July 19, 2018
Expedia says packages are better for hotels than room-only
Hotels are achieving higher average daily rates (ADR) from consumers who book packages rather than just rooms, according to data from Expedia Group.Read more
Chatbot is the newest way for guests to communicate with their hotel, without having to pick up a phone or wait online to speak to a concierge.
At the Cosmopolitan Las Vegas, you’ll meet Rose - a quixotic chatbot you can text for advice on where to eat or what to do. Though most recommendations are in-house, Rose treats guests to VIP access to select restaurants, bars, and clubs, letting them skip lines and entrance fees or get first crack at reservations for pool cabanas and spa treatments. She can offer extra amenities on-demand or even a tour of the hotel’s art. Guests are given a mysterious envelope when they check in, which provides Rose’s phone number and this teaser: “Know my secrets. Text me.” Both flirty and a little funny, she’ll crack a joke or play games like "Would You Rather" or "Kiss, Marry, Diss." (Don’t worry, what happens with Rose stays with Rose).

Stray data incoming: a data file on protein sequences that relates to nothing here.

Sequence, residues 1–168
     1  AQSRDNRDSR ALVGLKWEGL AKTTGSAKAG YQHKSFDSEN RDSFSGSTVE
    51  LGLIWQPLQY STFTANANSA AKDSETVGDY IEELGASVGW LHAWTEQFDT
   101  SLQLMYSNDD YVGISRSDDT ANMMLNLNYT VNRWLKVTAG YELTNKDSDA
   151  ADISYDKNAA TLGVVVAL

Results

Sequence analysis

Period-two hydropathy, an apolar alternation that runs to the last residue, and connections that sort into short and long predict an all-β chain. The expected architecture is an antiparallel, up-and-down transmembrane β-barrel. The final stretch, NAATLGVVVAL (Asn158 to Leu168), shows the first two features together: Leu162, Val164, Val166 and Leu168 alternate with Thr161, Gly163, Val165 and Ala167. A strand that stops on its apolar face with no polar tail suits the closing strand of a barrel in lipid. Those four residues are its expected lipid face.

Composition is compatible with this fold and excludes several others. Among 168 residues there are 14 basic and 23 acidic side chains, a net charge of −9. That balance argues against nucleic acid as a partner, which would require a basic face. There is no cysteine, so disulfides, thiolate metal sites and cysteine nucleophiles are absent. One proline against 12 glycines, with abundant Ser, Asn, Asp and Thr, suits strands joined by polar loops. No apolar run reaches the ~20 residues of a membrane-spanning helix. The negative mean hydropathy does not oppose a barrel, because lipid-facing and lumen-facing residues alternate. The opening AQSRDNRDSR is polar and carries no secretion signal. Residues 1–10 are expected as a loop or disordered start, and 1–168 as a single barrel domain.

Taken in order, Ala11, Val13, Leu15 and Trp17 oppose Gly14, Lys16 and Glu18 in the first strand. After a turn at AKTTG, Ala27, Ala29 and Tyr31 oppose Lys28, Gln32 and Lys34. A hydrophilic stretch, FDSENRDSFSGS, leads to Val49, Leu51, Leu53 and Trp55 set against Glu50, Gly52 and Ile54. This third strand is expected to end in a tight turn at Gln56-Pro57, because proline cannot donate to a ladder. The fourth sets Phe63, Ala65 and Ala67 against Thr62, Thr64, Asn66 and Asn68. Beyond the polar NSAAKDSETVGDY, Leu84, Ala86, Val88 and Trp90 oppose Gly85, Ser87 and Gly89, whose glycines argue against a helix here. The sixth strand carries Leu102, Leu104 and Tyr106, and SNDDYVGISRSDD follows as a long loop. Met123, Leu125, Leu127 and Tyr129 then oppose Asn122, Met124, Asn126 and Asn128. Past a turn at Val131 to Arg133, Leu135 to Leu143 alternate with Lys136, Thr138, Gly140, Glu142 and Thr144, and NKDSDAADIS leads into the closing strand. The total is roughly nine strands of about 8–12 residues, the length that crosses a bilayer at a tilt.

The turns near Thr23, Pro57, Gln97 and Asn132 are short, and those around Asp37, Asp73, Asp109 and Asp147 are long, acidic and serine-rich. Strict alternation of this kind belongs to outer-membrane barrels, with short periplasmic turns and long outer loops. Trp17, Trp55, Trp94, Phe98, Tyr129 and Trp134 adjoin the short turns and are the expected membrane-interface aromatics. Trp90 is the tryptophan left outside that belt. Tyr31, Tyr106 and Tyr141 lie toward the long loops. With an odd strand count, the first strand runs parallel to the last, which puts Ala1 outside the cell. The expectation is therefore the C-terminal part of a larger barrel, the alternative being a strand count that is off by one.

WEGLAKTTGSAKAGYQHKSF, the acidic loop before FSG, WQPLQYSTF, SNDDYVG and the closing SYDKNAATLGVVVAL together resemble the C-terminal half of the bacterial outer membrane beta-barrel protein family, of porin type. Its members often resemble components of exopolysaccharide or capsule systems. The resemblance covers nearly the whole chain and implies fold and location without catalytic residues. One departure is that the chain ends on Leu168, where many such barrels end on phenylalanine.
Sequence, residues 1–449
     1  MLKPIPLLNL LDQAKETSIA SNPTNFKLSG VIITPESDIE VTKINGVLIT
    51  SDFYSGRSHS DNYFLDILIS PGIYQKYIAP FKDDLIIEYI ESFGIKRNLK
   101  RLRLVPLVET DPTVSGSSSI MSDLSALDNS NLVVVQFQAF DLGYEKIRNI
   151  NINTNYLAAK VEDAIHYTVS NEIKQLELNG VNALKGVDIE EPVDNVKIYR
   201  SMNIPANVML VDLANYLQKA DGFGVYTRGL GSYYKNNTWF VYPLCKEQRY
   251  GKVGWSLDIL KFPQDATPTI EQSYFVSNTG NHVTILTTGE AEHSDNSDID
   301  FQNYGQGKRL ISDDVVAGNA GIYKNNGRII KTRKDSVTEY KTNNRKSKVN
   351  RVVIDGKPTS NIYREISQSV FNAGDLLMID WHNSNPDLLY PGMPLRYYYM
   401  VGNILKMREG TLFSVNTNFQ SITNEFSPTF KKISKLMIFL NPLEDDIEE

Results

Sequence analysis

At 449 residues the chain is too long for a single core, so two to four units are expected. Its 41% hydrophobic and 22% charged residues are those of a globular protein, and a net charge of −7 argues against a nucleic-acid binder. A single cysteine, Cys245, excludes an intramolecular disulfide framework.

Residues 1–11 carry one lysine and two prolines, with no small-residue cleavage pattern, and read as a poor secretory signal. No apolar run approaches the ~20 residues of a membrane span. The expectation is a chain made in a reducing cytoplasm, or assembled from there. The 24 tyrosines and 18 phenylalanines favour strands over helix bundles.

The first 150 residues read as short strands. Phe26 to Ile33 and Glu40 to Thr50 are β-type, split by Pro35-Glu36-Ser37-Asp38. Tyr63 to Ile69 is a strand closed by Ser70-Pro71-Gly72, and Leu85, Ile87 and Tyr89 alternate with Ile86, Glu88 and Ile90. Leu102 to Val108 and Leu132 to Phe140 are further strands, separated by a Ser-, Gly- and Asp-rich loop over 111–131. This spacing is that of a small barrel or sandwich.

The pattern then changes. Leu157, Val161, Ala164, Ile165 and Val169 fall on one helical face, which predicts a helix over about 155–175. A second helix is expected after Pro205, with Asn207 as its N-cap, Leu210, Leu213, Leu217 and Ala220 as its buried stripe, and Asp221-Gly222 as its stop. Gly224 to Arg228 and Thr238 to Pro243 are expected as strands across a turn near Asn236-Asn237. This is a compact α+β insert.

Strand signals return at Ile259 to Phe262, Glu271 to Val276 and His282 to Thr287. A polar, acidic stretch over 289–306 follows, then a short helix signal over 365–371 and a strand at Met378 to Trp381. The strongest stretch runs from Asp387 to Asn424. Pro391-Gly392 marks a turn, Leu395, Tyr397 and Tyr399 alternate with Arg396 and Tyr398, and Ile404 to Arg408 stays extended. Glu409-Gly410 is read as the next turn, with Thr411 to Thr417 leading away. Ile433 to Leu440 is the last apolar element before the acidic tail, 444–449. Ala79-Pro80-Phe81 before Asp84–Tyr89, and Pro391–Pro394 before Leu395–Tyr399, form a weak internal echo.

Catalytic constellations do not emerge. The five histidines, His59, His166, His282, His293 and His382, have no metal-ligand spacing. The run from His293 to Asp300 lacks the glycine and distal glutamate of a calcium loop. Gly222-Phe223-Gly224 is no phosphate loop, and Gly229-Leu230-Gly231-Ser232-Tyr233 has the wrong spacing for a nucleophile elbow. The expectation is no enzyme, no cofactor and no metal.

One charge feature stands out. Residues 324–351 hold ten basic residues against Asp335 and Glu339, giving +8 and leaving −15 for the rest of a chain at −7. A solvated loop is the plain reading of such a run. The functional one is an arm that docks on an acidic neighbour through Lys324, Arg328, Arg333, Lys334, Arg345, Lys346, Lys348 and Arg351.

In Spring 2018, Rose will be the first chatbot to serve casino and loyalty customers from the resort’s Identity Rewards program, automatically lavishing extra attention on them. She may text about free spa treatments, concert tickets, or other benefits they could then automatically book. If a guest has been frequenting a certain bar, she might suggest different on-site venues where they can use their Identity membership card, or recommend her favorite drinks.
Similar programs can be found at Aloft Boston Seaport, where guests can use the ChatBotler (get it?) to ask for amenities or obtain information about the hotel, and Caesar's Palace Las Vegas, where over 10,000 rooms have access to Ivy, who helps with everything from wake-up calls to billing.
Get the full story at Condé Nast Traveler
Visit our sponsors: